In a recent news article, a Health & Human Services Department’s audit revealed that one Medicare Advantage plan continually overstated just how sick patients actually were.
The overpayments were for medical conditions such as cancer or diabetes that have serious medical complications where Medicare pays an extra fee because these cases are more expensive to treat. The auditors examined a random sample of 200 medical charts to compare the payments to the actual care the patient received, and to determine if the conditions were as severe as claimed. Based on those 200 cases alone, auditors used a controversial technique called extrapolation to arrive at the $200 million claim.
This may be the tip of the iceberg of problems due to fraud or human error. A government report from 2020 estimated improper payments to the Medicare Advantage plans topped $16 billion the previous year.
Due to the inherent uncertainty with the concept of extrapolation, understandably AHIP, the health insurance plan industry trade group, has long opposed the use of extrapolation for payment errors, and in 2019, called a CMS proposal to start doing it “fatally flawed.”
One solution to the problem would be implementing a Big Data approach to increase the sample size of the audit by analyzing hundreds of thousands of medical charts. This would result in a far higher level of confidence in the outcome, both for the auditor as well as the company under audit.
The Problem with Medical Charts
But medical charts are very complex documents containing different medical records. This requires an inordinate amount of human review time to extract and compare the relevant data points needed to detect fraud and errors.
Much of the most useful qualitative data is stored within the complex structure of a medical chart where rarely is the required data uniformly located in the same position.
Additionally, to successfully analyze and extract the data in a medical chart requires treating each individual medical record as a separate entity. However, many charts exist as single monolithic PDF files containing many discrete records. Not only is there a challenge with accessing data from each record, but there is the challenge of separating each chart file into individual records.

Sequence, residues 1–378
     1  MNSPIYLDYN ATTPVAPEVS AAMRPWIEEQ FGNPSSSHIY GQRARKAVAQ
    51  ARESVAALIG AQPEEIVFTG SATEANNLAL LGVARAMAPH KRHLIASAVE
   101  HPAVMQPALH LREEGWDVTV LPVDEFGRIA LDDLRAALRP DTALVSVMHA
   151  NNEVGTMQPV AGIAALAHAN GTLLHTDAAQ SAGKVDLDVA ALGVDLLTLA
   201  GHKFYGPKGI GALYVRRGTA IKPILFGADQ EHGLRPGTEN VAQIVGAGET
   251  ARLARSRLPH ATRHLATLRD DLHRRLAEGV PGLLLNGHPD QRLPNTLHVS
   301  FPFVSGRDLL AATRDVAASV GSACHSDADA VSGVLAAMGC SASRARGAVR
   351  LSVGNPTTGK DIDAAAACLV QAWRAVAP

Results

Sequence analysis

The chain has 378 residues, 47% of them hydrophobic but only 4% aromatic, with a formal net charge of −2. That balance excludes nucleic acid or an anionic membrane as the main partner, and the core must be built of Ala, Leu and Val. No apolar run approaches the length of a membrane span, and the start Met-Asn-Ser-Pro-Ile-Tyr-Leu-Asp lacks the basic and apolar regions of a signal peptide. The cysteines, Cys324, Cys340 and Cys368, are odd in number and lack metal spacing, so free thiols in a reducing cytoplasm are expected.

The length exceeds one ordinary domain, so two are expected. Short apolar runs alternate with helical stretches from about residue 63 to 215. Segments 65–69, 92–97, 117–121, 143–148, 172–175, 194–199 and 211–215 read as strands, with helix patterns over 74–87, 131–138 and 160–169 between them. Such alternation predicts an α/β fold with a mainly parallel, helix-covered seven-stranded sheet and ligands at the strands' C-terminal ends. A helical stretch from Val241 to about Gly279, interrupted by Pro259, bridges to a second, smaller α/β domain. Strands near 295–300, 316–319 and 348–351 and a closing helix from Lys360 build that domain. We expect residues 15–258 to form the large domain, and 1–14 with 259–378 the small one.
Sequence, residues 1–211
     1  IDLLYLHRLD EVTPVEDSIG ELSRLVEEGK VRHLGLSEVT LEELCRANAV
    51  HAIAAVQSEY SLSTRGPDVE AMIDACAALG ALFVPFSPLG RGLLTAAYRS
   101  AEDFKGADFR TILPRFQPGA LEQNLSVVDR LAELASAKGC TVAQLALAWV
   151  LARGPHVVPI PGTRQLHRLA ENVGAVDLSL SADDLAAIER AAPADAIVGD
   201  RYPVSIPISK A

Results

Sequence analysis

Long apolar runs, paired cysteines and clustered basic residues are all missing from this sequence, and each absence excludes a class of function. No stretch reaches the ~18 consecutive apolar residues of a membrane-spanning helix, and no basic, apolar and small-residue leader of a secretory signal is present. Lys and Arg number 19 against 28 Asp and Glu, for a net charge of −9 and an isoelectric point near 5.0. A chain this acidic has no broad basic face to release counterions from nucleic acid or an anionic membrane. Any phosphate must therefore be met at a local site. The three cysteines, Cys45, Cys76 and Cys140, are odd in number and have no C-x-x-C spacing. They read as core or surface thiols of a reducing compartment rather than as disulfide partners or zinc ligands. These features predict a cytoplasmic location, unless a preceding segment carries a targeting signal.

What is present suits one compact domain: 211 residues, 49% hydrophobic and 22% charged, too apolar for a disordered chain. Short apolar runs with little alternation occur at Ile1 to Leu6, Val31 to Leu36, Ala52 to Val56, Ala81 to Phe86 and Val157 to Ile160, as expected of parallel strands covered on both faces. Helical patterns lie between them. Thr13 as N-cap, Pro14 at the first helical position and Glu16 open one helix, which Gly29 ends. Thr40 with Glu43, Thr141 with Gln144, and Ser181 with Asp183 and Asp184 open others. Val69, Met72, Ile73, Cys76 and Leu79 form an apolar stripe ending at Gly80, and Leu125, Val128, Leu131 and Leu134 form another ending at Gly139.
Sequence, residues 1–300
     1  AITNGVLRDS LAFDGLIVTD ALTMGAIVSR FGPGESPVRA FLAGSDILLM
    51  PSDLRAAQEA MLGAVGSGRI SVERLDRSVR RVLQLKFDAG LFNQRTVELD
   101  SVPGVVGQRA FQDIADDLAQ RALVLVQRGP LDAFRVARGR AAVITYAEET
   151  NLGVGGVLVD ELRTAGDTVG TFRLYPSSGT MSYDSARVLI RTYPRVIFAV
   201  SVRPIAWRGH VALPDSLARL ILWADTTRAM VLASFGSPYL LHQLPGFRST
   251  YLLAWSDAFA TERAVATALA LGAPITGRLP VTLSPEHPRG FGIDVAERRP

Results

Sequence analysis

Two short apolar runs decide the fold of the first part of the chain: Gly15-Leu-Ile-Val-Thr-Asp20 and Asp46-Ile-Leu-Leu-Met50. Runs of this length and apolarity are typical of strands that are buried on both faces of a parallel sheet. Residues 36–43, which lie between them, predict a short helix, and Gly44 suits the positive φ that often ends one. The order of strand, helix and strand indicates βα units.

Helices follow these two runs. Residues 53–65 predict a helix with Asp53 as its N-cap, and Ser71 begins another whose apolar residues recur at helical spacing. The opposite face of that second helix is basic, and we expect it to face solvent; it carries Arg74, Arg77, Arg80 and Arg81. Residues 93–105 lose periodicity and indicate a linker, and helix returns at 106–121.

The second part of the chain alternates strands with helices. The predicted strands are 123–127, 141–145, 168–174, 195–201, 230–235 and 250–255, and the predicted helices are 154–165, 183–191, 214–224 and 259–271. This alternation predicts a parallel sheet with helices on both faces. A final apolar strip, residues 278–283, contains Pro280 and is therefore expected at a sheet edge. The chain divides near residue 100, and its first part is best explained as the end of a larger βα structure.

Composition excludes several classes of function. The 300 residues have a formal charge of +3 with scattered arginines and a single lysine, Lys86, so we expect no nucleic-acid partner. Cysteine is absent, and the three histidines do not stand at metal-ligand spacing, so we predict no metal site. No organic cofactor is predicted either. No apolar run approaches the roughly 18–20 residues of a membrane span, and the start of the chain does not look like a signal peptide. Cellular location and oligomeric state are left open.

Some attempts have been made to automate this process using computers and legacy capture software, but the unstructured nature of the medical chart has made it notoriously difficult for computers to read and understand the documents without continual human intervention.
Thus this process of uncovering errors has been resistant to both the Big Data approach and to legacy capture solutions.
The New Cognitive Capture Solution
Using advanced machine learning algorithms, it is now possible to train cognitive capture software to identify the key characteristics of each individual medical record within a medical chart. Different algorithms are often employed to evaluate various attributes, such as the presence of graphical information (such as a logo), textual data (such as facility names and addresses), and even spatial information (such as the distance between different dates on a page and use of specific language related to those dates).
All these attributes are then analyzed to identify the most reliable way to identify and separate one record from another, a capture process known as classification. Once the medical records within a chart are classified, then data extraction can begin with the highest degree of accuracy. The final step uses cognitive capture to further analyze and identify specific patterns in the text that might reveal various problems and conditions not only with a single patient’s chart, but that apply across the entire sample.
When finished, the data collected by the capture software is then ready for use in any Big Data application.
Simplifying Data Analysis
By greatly simplifying the analysis of medical chart data, cognitive capture software is an essential weapon in the government’s battle against fraud and error in medical payments. The software helps auditors to dramatically increase the sample size while at the same time reducing the time to completion. Larger sample sizes will go a long way towards the ultimate goal of recovering every overpaid dollar.
About the Author
Dan Lucarini is an AIIM Fellow with over 25 years’ experience in capture and content management technologies. Learn more at www.linkedin.com/in/danlucarini.